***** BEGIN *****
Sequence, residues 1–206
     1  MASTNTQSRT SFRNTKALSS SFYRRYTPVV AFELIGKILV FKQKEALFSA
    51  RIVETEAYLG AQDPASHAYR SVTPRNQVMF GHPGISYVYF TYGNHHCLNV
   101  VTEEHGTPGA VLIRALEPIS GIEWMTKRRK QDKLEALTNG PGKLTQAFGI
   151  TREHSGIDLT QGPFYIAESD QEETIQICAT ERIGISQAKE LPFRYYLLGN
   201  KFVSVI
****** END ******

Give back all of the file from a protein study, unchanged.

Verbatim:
Sequence, residues 1–206
     1  MASTNTQSRT SFRNTKALSS SFYRRYTPVV AFELIGKILV FKQKEALFSA
    51  RIVETEAYLG AQDPASHAYR SVTPRNQVMF GHPGISYVYF TYGNHHCLNV
   101  VTEEHGTPGA VLIRALEPIS GIEWMTKRRK QDKLEALTNG PGKLTQAFGI
   151  TREHSGIDLT QGPFYIAESD QEETIQICAT ERIGISQAKE LPFRYYLLGN
   201  KFVSVI